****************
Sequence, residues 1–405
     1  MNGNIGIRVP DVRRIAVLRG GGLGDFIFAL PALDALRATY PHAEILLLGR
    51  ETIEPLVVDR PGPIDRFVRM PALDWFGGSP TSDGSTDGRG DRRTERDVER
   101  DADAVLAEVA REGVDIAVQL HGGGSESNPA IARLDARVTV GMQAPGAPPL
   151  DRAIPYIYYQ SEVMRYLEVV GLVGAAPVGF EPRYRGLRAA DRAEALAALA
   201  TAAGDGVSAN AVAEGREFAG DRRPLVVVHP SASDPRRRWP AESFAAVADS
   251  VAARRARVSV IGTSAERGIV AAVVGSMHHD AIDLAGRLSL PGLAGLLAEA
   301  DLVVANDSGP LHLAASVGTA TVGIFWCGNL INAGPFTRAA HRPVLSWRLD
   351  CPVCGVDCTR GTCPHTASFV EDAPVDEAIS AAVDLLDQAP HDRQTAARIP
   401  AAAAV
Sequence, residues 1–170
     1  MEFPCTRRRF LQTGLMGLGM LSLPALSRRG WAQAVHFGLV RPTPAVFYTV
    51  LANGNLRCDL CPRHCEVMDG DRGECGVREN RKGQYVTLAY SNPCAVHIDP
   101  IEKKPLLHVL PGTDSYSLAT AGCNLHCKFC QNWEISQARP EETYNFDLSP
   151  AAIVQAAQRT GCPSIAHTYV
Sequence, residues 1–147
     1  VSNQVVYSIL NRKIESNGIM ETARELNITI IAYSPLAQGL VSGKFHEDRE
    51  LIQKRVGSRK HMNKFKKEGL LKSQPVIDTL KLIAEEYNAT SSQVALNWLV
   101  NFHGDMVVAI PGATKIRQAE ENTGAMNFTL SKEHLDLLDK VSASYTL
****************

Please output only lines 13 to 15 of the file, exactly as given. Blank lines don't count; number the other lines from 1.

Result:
    51  LANGNLRCDL CPRHCEVMDG DRGECGVREN RKGQYVTLAY SNPCAVHIDP
   101  IEKKPLLHVL PGTDSYSLAT AGCNLHCKFC QNWEISQARP EETYNFDLSP
   151  AAIVQAAQRT GCPSIAHTYV